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The Logistics of Flying People from Place to Place Can Be Broken

American Airlines had 2,000 flights canceled this past weekend.

For several weeks we have been regaled with stories of container ships tied up off the coast of California, waiting their turn to be unloaded. So why the backup? A combination of events, mostly stemming from the pandemic, have interacted with one another to make the logistics system get “gummed up!” Some of those issues include:
  • Containers not being in the right place
  • The slow down in demand at the start of the pandemic
  • The burgeoning economy pushing up demand
  • The Christmas shopping surge that should have been fed by an August surge in shipping
  • Factories being slow to turn up the manufacturing process
  • Not enough truck drivers shuttling containers to distribution warehouses from the ships
  • A shortage of rail cars to take containers to other parts of the nation
  • Remember the ship stuck in the Suez Canal?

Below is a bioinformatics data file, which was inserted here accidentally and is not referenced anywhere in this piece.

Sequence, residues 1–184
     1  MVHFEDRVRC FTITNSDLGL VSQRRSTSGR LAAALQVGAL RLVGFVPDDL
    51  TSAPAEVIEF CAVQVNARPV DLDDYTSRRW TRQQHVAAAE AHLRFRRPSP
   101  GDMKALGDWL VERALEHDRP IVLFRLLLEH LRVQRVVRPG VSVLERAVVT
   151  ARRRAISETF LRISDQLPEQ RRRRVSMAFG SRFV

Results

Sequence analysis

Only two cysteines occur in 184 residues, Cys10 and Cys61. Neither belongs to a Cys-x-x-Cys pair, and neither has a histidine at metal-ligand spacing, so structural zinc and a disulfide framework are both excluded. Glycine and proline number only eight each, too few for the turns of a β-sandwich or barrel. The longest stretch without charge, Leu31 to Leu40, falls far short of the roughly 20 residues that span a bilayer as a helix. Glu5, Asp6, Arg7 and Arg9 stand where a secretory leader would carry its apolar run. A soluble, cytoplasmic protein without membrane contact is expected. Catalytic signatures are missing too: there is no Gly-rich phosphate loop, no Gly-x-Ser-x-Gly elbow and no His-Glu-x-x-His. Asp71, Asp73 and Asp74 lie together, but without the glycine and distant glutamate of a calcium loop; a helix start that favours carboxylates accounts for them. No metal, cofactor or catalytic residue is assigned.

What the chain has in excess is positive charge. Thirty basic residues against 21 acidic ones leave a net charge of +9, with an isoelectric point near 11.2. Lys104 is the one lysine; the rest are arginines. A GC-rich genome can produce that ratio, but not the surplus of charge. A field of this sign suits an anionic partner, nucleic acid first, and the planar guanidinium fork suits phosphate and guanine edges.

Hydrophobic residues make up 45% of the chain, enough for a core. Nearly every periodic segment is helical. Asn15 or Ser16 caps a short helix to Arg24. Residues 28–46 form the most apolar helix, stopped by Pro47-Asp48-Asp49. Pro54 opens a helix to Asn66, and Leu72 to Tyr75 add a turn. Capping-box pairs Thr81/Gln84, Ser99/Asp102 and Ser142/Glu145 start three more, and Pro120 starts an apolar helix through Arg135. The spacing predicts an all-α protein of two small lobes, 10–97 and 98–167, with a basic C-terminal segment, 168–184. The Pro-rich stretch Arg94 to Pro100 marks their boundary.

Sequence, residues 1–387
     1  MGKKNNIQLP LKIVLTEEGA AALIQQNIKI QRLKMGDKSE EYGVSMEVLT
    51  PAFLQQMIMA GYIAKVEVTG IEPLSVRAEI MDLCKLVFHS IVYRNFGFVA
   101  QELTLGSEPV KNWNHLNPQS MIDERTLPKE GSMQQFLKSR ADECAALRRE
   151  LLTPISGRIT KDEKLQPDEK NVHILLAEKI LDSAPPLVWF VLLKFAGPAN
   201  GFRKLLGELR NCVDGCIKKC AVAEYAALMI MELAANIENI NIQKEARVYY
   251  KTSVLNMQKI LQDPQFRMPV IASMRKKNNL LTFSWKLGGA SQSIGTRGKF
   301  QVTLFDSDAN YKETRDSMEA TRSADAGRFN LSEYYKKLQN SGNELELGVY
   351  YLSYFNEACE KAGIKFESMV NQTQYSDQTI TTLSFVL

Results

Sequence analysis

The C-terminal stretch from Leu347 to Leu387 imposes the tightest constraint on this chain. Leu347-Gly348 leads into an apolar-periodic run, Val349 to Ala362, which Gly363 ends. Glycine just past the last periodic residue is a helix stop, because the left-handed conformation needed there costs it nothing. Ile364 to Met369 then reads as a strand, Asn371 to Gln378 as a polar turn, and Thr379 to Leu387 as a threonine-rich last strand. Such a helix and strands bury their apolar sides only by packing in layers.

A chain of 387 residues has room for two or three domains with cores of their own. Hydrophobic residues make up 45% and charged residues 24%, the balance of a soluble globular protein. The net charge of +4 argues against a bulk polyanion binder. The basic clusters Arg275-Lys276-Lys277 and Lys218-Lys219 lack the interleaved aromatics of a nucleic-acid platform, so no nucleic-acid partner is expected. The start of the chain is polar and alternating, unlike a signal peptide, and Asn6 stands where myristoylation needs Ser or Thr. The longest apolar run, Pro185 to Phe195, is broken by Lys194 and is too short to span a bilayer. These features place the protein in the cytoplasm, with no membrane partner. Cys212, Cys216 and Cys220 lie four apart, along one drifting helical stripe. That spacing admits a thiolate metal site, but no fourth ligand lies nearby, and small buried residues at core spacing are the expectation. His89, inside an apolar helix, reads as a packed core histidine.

• More?

This past weekend there was a problem with “shipping people” from one place to another via American Airlines.
  • There were some weather issues
  • The aircraft distribution of air frames got screwed up, with planes not being in the right city
  • Crews were not in the right place at the right time
  • Crew rest was likely another issue
  • Crews that commute by air from home to their destination flight could not get there
  • Airlines are still ramping up flights and staffing from the time period when they drew down their staff earlier in the pandemic
  • More people are flying, or trying to fly

You see, moving containers and moving people have similar challenges. Timing is everything and one glitch in the system screws up other parts of the system.
Eric Holdeman is a contributing writer for Emergency Management magazine and is the former director of the King County, Wash., Office of Emergency Management.
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